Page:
Tuesday, April 17, 2012
Jim Palmer, 2009 Upper Deck Goodwin Champions #22
Okay, maybe not. But putting aside those fun study dates with the 1040s and W-2s and hey hey, it's also the 47th anniversary of Jim Palmer's big league debut. The tall, slim righthander was born in New York but raised in Arizona, and the Orioles convinced him to forgo college and sign with them in 1963. He reported to the Aberdeen (South Dakota) Pheasants in 1964 for his first pro season and went 11-3 with a 2.51 ERA despite walking 130 batters in 129 innings. Manager Hank Bauer saw enough promise to bring him to the major leagues to begin the 1965 season, and the 19-year-old served an apprenticeship in the bullpen.
That brings us to April 17, the third game of the young season and the Saturday afternoon opener of a two-game series at Fenway Park. The Birds busted out of the gate with five first-inning runs, with homers by Paul Blair and Brooks Robinson helping to chase Red Sox starter Bill Monbouquette before he could get an elusive third out. Curt Blefary also went deep in the third for some insurance. But veteran O's starter Robin Roberts wasn't long for the game, either. He was reached for a pair of first-inning runs and allowed the first three batters to reach in the third inning. With the score now 6-3 and the tying run at the plate in the form of Carl Yastrzemski, young Jim Palmer was called upon for a baptism by fire.
Wearing the jersey number 22 that would be retired in his honor two decades later, Palmer began his career by walking Yaz to load the bases. He might have sighed in relief after striking out Tony Conigliaro looking for the first out, but outfielder Lee Thomas (now a special assistant to Orioles GM-type Dan Duquette) properly welcomed Jim to the show with a two-run single. The rookie stopped the bleeding after that, inducing a 5-4-3 double play grounder off the bat of Felix Mantilla. It was a 6-5 game.
Palmer had a few hiccups in his second inning of work, walking opposing pitcher Arnold Earley and gifting him second base on a wild pitch, but otherwise he was unharmed. Two ground balls and a short fly ball, all handled by shortstop Luis Aparicio, and "Cakes" had his first major league appearance in the books. His final totals: two innings, one hit, two walks, one strikeout, no earned runs, two of three inherited runners scored. Nothing to put in the headlines, but no disaster either.
Jim was followed to the mound by Dave McNally, another youngster who would soon step into the starting rotation and stay there for some time. McNally breezed through the fifth inning before walking two of the three batters he faced in the sixth. Dick Hall and Harvey Haddix allowed both runners to score, putting Boston ahead for the first time that afternoon. By the end of the sixth, the hosts had taken an 8-6 advantage. The game was far from over, though.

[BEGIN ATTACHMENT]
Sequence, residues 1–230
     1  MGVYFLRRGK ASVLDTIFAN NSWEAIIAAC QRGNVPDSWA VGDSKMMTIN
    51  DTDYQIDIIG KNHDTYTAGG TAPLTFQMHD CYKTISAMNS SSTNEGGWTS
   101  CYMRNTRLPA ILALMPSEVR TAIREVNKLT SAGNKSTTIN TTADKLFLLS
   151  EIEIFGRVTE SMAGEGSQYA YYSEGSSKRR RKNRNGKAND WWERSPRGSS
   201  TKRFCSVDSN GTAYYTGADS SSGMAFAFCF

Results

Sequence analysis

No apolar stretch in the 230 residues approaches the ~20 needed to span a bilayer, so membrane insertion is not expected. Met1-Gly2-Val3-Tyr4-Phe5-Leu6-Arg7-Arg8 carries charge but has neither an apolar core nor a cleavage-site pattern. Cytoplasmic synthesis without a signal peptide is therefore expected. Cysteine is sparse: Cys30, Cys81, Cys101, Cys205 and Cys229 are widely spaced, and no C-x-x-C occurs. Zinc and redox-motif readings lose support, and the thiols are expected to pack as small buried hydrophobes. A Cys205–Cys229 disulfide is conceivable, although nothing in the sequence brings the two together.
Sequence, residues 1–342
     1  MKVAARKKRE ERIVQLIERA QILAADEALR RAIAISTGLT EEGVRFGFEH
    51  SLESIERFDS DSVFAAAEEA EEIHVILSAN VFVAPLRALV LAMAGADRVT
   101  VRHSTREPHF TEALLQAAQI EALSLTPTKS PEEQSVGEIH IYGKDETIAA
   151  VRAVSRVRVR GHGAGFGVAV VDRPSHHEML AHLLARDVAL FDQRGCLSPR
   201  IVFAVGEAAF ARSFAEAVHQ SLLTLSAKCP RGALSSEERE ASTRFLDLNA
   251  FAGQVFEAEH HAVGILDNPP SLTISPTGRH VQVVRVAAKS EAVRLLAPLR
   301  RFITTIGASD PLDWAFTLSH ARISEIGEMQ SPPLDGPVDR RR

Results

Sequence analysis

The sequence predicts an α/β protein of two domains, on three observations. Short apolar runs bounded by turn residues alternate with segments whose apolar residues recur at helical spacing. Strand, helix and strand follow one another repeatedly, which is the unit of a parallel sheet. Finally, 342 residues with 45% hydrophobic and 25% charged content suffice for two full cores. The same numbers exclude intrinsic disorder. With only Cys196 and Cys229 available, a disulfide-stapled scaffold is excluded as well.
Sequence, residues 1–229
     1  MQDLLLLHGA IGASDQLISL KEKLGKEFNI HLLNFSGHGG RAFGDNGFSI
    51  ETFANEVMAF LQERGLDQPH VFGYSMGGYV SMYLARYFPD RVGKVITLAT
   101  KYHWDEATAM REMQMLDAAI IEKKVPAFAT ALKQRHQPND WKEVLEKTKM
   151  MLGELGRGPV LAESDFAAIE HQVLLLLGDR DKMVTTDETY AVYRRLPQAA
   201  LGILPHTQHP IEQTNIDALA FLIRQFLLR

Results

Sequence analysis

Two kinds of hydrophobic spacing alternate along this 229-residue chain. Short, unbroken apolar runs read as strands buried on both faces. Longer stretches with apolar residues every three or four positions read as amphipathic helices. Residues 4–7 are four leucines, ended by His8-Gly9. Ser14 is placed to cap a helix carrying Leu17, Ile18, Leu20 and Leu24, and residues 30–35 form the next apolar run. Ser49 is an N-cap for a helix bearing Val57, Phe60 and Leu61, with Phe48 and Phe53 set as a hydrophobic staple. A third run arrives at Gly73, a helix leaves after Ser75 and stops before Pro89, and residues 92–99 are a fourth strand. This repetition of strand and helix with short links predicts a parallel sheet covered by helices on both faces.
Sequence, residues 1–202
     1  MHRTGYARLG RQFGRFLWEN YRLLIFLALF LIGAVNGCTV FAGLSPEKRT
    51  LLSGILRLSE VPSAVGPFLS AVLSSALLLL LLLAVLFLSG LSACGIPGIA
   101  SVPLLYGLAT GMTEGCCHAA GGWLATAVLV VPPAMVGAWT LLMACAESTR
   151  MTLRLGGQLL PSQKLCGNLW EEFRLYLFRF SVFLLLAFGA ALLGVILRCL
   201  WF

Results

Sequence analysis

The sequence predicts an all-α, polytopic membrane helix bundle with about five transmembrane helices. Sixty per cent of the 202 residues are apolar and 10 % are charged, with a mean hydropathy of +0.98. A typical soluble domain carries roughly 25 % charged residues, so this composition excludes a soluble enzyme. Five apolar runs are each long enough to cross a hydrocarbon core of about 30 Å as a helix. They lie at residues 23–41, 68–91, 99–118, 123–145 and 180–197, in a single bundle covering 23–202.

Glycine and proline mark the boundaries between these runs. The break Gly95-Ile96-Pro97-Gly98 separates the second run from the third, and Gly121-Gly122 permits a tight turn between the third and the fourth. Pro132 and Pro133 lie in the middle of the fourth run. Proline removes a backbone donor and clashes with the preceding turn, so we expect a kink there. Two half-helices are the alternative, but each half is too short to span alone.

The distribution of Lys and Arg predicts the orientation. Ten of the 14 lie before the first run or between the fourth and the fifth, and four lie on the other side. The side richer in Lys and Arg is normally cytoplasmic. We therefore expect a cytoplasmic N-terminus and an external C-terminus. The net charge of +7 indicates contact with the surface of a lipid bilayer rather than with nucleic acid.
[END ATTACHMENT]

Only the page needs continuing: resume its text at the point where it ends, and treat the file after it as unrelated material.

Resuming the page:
The O's scored once each in the seventh and eighth innings, with Charlie Lau's solo homer tying the game at 8-8. But in the bottom of the eighth, wildness was once again the undoing of the Orioles. Stu Miller walked each of the first two batters and was replaced by Steve Barber. Barber went walk-single-walk, and it was 10-8 with the bases loaded and nobody out. Ken Rowe retired three of the next four Red Sox to get out of it, but it was suddenly a 12-8 game. Blefary's second solo home run of the game was too little, too late, and the Birds lost 12-9.
Better times were ahead, of course. The Orioles won 5 of 6 at the end of April to get their heads above water, and though they never sat atop the American League, they finished with 94 wins, just a few games off the pace of their breakout 1964 season. The acquisition of Frank Robinson prior to the 1966 campaign was the catalyst that propelled the Birds to their first World Series title, and you know all the rest. Jim Palmer went 5-4 with a 3.72 ERA in 27 games (6 starts) in 1965, and walked 5.5 batters per nine innings. He would not have a BB/9 greater than 4.0 in any other full season in his career, and though he was hampered by various injuries, he persevered to win 268 games with a 2.86 ERA and 126 ERA+ in 19 years in the majors. He is the only pitcher to win a World Series game in three different decades, and he famously never allowed a grand slam. He was a first-ballot Hall of Famer in 1990, and you can still hear him on Orioles telecasts on MASN. Congratulations on a long and impressive career, Jim.